Independent report to the Australian Government Minister for the Environment and Heritage
Beeton RJS (Bob), Buckley Kristal I, Jones Gary J, Morgan Denise, Reichelt Russell E, Trewin Dennis
(2006 Australian State of the Environment Committee), 2006
A major pressure on Australia’s land has been the slow recognition and acceptance of the fact that landscapes are used and valued for more than one thing at a time. Products that have a dollar value (such as crops , minerals or forestry products ) have generally been given primacy over ‘products’, such as landscape function, biodiversity, carbon balancing, water quality or heritage, with a value that is difficult to measure. This has been the case for generations, but it nevertheless must change in the context of a wide range of macro-economic, competition and other generic policy settings that affect land management practices.
Agriculture, with the large area of land it uses, is the most obvious and dominant example. Many past and some present public policies and programmes contribute to landscape decline. These include the advocacy of land clearing and intensive grazing systems, certain forms of drought assistance, and land tenure arrangements, all of which promote or enable practices that impact adversely on the natural resource base.
While it is becoming more widely accepted that land management is the responsibility of all Australians, much policy is still targeted at single sectors and single issues. For example, environmental legislation tends to focus on one issue, such as vegetation cover or water or chemical use, leaving land managers to decipher and apply apparently unconnected regulatory requirements across a range of highly connected activities. Support, when it does come, has historically been transient, not integrated and costly, and has failed to fully exploit landholder motivations and capabilities. In this regard, governments need to support regulatory frameworks with education, training and compliance-monitoring efforts that address the interconnectedness of landscapes.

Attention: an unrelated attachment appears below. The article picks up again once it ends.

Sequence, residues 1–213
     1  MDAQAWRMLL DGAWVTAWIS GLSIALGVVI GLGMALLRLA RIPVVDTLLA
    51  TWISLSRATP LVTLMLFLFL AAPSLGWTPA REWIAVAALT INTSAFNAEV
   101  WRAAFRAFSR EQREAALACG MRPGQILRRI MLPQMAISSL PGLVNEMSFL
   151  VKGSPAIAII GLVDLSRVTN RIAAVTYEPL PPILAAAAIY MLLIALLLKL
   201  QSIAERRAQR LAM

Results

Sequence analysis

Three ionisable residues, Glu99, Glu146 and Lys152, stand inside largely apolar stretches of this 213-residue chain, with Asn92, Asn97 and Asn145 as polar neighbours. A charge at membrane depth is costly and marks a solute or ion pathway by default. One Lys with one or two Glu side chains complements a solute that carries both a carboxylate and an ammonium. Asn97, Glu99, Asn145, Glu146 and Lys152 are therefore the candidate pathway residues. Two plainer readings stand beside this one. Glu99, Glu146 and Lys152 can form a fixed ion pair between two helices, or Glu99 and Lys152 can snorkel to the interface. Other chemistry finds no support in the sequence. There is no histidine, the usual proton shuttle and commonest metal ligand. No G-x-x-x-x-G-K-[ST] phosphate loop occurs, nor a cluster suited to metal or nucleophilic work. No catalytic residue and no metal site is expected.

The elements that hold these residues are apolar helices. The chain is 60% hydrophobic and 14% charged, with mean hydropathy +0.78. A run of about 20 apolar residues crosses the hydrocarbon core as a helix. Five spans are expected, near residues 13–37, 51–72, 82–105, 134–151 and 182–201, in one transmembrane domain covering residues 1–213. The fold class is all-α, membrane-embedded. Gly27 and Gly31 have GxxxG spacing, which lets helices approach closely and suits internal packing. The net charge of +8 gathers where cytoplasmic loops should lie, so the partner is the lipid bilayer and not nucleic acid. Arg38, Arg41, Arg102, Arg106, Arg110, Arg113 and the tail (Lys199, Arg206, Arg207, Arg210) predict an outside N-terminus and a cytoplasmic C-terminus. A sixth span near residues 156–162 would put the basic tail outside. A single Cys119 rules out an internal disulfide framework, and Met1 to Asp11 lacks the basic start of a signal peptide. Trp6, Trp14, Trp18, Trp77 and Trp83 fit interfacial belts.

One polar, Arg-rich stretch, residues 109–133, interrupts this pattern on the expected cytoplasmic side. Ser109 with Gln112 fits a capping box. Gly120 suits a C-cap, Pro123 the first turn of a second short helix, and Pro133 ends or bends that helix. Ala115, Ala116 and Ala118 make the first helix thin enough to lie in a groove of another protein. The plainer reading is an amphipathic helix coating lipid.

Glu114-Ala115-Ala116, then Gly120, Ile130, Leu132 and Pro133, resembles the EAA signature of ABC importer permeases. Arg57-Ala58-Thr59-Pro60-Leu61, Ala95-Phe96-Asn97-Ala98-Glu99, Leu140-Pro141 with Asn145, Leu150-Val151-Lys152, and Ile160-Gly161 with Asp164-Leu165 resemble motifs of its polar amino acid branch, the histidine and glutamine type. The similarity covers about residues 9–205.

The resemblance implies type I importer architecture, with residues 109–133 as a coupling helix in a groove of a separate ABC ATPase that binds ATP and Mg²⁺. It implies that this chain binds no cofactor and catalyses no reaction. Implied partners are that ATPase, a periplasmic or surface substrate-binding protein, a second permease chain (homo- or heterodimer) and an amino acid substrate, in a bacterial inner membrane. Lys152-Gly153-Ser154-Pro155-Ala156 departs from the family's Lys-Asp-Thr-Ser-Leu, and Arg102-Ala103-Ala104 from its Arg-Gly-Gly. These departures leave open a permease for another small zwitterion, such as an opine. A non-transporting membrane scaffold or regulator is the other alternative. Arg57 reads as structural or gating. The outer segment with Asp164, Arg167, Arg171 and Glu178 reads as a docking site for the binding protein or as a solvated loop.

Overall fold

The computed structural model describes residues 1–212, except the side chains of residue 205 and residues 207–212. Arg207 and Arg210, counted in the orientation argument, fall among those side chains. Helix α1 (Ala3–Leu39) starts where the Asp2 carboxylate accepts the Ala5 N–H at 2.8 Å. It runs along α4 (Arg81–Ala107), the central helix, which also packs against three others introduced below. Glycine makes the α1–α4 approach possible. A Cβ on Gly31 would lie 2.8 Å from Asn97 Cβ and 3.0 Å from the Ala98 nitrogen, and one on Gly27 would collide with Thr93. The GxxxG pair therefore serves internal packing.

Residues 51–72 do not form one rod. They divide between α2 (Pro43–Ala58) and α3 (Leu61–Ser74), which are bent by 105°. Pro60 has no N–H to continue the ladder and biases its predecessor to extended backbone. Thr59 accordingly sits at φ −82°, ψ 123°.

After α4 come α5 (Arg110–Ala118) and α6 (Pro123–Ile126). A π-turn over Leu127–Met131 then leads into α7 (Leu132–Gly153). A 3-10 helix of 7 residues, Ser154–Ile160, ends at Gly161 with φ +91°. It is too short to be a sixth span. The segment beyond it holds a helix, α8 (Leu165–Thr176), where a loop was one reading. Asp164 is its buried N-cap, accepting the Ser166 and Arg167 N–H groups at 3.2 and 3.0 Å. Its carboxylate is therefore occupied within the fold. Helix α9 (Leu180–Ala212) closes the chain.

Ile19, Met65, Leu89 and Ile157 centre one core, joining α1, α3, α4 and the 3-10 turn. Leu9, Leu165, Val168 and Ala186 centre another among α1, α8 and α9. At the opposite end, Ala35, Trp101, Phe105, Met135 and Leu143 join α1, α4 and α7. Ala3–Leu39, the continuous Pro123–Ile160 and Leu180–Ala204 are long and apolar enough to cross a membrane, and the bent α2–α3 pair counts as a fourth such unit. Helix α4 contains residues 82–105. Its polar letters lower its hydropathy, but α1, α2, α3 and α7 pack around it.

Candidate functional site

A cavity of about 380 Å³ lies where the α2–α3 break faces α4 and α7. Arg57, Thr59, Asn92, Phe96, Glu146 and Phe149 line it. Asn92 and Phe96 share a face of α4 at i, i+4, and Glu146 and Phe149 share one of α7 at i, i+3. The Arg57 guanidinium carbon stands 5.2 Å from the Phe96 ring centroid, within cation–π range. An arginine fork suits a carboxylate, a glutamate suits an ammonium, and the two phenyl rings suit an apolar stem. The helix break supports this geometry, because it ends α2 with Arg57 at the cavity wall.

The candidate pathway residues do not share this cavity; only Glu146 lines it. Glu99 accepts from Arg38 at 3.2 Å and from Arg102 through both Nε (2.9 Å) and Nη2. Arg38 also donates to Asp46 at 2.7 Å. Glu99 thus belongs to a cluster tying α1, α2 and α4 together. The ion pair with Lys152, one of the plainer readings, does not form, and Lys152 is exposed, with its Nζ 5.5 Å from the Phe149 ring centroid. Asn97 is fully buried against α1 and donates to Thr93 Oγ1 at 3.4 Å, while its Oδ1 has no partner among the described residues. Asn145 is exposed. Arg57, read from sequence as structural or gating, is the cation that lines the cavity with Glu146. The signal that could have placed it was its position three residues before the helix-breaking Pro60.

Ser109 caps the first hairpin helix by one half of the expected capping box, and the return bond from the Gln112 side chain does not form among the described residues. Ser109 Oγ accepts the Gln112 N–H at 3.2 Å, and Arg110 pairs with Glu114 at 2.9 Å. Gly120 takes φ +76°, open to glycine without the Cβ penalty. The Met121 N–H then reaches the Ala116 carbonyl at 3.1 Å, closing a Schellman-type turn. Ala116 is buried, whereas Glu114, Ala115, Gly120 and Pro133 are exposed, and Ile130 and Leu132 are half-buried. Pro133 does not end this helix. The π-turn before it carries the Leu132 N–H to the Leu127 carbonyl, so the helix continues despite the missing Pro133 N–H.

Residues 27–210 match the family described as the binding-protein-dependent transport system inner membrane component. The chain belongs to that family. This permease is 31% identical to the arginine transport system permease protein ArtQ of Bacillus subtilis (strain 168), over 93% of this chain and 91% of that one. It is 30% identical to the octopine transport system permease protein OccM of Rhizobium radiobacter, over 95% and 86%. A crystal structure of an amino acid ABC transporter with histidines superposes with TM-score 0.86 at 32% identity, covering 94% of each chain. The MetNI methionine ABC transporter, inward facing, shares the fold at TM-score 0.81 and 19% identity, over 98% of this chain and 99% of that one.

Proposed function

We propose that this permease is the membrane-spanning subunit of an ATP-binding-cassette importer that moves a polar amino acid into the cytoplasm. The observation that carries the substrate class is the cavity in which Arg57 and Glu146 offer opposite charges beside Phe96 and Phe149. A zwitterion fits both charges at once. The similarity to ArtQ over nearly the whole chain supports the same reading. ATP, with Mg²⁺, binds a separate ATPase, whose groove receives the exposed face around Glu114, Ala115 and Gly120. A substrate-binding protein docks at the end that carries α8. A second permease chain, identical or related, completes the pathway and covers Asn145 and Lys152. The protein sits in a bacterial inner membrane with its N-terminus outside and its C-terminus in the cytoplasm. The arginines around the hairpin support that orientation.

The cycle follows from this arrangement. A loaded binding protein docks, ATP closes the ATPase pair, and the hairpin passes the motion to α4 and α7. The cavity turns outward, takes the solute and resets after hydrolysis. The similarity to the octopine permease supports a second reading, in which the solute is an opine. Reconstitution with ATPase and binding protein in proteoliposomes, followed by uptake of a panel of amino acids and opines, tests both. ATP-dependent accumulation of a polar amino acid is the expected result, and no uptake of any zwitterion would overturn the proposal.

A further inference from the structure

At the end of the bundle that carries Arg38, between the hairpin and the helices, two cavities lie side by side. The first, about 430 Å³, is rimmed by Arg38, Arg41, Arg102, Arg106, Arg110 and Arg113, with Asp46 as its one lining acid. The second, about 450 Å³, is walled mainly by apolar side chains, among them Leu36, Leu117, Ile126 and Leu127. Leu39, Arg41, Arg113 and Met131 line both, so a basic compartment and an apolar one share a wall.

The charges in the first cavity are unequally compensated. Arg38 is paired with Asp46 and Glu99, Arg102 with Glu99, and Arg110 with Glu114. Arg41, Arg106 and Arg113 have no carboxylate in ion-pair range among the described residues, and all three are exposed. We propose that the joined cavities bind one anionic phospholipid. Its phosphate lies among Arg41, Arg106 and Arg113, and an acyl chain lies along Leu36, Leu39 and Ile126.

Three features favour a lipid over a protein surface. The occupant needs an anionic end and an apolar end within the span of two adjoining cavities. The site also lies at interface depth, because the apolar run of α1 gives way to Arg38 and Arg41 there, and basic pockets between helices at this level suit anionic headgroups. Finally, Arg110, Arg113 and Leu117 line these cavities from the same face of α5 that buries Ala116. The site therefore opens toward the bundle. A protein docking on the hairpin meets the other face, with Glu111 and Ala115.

There is also a fear that mandating environmental practices or outcomes will constrain trade between countries, and thus may disadvantage Australia as a trading nation. Others subscribe to the alternative view that failure to sign up to mandatory environmental outcomes may jeopardise Australia’s position as a trading nation.
The management of Australia’s landscapes requires three things. Firstly, institutional arrangements are needed that recognise the multi-industry nature of most Australian farms. Secondly, support is needed for systemic and revolutionary innovations to improve landscape sustainability. Thirdly, incremental innovations directed towards the needs of existing operators in existing businesses must continue (Corrish 2005).
The paucity of relevant time series data sets has inhibited the development of more effective responses. Biophysical data are needed to assess the condition of the environment and the pressures acting on it. Such data are also needed to inform the beliefs and values governing the design and operation of the institutional arrangements that drive the pressures and inhibit the responses